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Surging LA
Postcard From Los Angeles

Surging LA

Eight months after California Healthline’s Heidi de Marco photographed LA under lockdown, she returned to the same iconic spots. Vehicle and foot traffic are up — as are coronavirus cases.

March 2020 (Heidi de Marco/KHN)
November 2020: Cars wait at the corner of Hollywood and Highland, a bustling intersection that was deserted in March. Some shops on Hollywood Boulevard are open to the public, but many remain shuttered. (Heidi de Marco/KHN)

On a Monday afternoon in March, four days after Gov. Gavin Newsom issued the nation’s first statewide stay-at-home order to slow the spread of the coronavirus, some of Southern California’s most famous landmarks were deserted and few cars traveled the region’s notoriously congested freeways.

Eight months later, businesses are open, traffic is back — and COVID-19 cases in the state are surging. 

“This is simply the fastest increase California has seen since the beginning of this pandemic,” Newsom said in a press conference Monday, when he announced a major rollback of the state’s reopening process, saying the state’s daily case numbers had doubled in the previous 10 days.

That same day, California Healthline’s Heidi de Marco returned to the landmarks she photographed in March. This time, it took her nearly two days — Monday and Tuesday — to document them because of traffic.

The biggest change was the greater number of vehicles on the road. Foot traffic had also stepped up, but most pedestrians and shoppers were wearing masks and not gathering in large numbers.

It turns out that activities such as strolling along the beach and window-shopping are not the primary way the disease is spreading in Los Angeles County. Public health officials there blame the surge on an increase in social gatherings, such as private dinners and sports-watching parties with people from multiple households, and the virus is spreading mostly among adults ages 18 to 29. In a bid to slow the virus, county public health director Barbara Ferrer announced additional restrictions on businesses, effective Friday. Among them, outdoor dining and drinking at restaurants and breweries will be limited to 50% of capacity, and outdoor gatherings can include only 15 people from no more than three households, including the host’s household.

March 2020 (Heidi de Marco/KHN)
November 2020: The TCL Chinese Theatre shops are open for business in Hollywood, but the theater itself is closed. (Heidi de Marco/KHN)
March 2020: Pedro Castro used to book about 20 bus tour tickets on Hollywood Boulevard per day, he said, but ticket sales fell dramatically right after the shutdown. (Heidi de Marco/KHN)
November 2020: The Hollywoodland Experience shop is empty Monday afternoon. The tour guide stationed outside the store, who didn’t want to be photographed or named, said business is steady but not nearly as heavy as before the pandemic. (Heidi de Marco/KHN)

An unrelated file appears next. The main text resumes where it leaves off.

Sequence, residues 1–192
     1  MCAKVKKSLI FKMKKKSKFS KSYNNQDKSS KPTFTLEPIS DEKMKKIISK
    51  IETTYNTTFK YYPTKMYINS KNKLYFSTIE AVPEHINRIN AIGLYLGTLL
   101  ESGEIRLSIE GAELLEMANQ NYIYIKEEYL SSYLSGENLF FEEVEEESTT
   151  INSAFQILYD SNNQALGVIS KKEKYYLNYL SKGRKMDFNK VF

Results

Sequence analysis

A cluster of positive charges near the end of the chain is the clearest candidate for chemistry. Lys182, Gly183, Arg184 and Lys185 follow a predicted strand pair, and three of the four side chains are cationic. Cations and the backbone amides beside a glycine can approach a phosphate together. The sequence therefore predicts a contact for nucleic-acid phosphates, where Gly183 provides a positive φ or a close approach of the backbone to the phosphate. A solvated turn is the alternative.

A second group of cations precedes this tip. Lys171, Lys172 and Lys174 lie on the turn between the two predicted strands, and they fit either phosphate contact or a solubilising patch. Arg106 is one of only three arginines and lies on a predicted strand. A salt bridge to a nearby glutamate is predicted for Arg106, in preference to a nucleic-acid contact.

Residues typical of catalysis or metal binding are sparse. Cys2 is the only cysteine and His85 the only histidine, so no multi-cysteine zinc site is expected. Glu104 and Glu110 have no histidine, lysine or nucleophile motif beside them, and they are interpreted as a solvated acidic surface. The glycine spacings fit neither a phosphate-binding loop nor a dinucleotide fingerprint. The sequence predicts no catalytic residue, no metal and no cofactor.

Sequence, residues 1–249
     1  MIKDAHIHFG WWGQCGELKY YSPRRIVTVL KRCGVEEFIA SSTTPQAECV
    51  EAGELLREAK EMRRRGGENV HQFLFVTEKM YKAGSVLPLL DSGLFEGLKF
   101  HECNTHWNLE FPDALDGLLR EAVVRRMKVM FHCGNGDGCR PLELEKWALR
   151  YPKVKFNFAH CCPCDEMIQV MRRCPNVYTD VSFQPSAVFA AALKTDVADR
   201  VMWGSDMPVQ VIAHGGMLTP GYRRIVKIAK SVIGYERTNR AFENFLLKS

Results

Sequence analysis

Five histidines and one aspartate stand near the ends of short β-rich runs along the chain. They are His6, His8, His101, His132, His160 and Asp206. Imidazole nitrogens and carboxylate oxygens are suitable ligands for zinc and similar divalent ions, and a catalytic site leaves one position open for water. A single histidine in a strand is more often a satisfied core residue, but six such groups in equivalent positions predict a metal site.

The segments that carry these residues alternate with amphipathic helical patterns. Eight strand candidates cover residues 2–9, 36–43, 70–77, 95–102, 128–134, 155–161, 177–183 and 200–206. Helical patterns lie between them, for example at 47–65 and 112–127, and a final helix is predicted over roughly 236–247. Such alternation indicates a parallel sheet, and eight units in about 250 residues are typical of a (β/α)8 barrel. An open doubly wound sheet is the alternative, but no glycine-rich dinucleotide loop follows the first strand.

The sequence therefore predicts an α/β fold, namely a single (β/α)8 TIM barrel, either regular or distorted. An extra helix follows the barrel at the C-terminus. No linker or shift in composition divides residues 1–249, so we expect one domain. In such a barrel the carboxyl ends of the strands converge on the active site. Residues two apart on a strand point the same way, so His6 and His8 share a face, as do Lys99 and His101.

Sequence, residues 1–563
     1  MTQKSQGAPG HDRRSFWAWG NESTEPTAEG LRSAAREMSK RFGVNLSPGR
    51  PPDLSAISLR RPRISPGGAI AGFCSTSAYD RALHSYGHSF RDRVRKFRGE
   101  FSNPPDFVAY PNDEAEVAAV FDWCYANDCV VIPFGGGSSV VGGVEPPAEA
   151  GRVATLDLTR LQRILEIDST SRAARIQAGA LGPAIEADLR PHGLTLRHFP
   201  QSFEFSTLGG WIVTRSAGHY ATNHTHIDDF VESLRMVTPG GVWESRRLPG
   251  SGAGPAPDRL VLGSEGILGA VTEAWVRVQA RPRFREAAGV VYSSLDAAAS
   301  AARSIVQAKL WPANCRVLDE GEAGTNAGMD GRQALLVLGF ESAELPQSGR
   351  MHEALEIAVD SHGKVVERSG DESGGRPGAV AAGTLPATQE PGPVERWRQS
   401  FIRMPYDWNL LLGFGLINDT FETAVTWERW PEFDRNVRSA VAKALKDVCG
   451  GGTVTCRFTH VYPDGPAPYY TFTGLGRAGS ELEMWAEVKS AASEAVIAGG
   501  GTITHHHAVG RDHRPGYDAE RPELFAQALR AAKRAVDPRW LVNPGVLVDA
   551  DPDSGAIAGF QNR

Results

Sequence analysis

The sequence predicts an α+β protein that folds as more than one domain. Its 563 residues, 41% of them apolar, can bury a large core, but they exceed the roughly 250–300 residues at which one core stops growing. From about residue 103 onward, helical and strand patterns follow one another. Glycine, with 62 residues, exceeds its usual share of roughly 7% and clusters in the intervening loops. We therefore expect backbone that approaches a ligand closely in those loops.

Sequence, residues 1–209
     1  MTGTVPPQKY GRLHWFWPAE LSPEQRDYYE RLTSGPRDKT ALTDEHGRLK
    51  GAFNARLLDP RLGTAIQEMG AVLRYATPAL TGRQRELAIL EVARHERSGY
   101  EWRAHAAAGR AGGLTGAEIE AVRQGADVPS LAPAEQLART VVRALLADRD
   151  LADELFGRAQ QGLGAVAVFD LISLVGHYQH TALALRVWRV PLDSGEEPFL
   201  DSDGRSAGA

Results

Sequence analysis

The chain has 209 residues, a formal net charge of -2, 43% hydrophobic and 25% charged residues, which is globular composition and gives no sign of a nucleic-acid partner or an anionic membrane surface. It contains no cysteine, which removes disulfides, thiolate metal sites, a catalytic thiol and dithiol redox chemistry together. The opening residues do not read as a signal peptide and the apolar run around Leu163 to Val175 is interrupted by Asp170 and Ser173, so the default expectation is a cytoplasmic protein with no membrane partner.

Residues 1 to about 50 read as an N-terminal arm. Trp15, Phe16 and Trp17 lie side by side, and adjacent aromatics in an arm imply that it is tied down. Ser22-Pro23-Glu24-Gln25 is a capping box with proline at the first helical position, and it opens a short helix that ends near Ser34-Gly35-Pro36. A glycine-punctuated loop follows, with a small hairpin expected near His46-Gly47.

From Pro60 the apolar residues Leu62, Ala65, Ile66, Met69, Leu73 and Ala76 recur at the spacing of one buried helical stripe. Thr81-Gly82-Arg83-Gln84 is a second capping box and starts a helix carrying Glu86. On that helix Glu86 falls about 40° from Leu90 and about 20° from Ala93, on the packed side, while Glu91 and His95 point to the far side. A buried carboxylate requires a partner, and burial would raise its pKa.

March 2020 (Heidi de Marco/KHN)
November 2020: The Hollywood Freeway started to get busy at about 3:30 p.m. Monday and cars were moving fast. It was bumper-to-bumper by 5:30 p.m., hitting peak gridlock later than in pre-pandemic days — but still much busier than in March. (Heidi de Marco/KHN)
March 2020 (Heidi de Marco/KHN)
November 2020: Some shops on Olvera Street remain closed, but most restaurants are open and offer outside seating for customers. (Heidi de Marco/KHN)
March 2020: Ricardo Gaytan, a cook at Cielito Lindo on Olvera Street, said he feared that with only a few customers a day, the restaurant could close completely. (Heidi de Marco/KHN)
November 2020: Gaytan now wears a mask while working and stands behind a plexiglass barrier when taking orders. The restaurant has remained open during the pandemic, he said, and business is steady. He said he has had to deal with only a few customers who didn’t want to wear a mask. (Heidi de Marco/KHN)
March 2020 (Heidi de Marco/KHN)
November 2020: People wander through the Rodeo Drive Walk of Style in Beverly Hills, which is again open to the public. Most people wore masks as they visited the stores that were open. (Heidi de Marco/KHN)
November 2020: The city of Santa Monica has closed its famous pier to cars. (Heidi de Marco/KHN)
November 2020: People are allowed to walk onto the pier as long as they wear a face covering.(Heidi de Marco/KHN)
November 2020: Despite the haze, a handful of people work out at Muscle Beach in Santa Monica on Tuesday afternoon. (Heidi de Marco/KHN)
November 2020: Beachgoers said they didn’t feel the need to wear a mask since they were outside, and because wearing a mask makes it harder to breathe while working out.(Heidi de Marco/KHN)
March 2020 (Heidi de Marco/KHN)
November 2020: There weren’t many customers at Randy’s Donuts in Inglewood on Tuesday, but the shop is hiring. (Heidi de Marco/KHN)

KHN correspondent Anna Almendrala contributed to this report.

This story was produced by KHN, which publishes California Healthline, an editorially independent service of the California Health Care Foundation.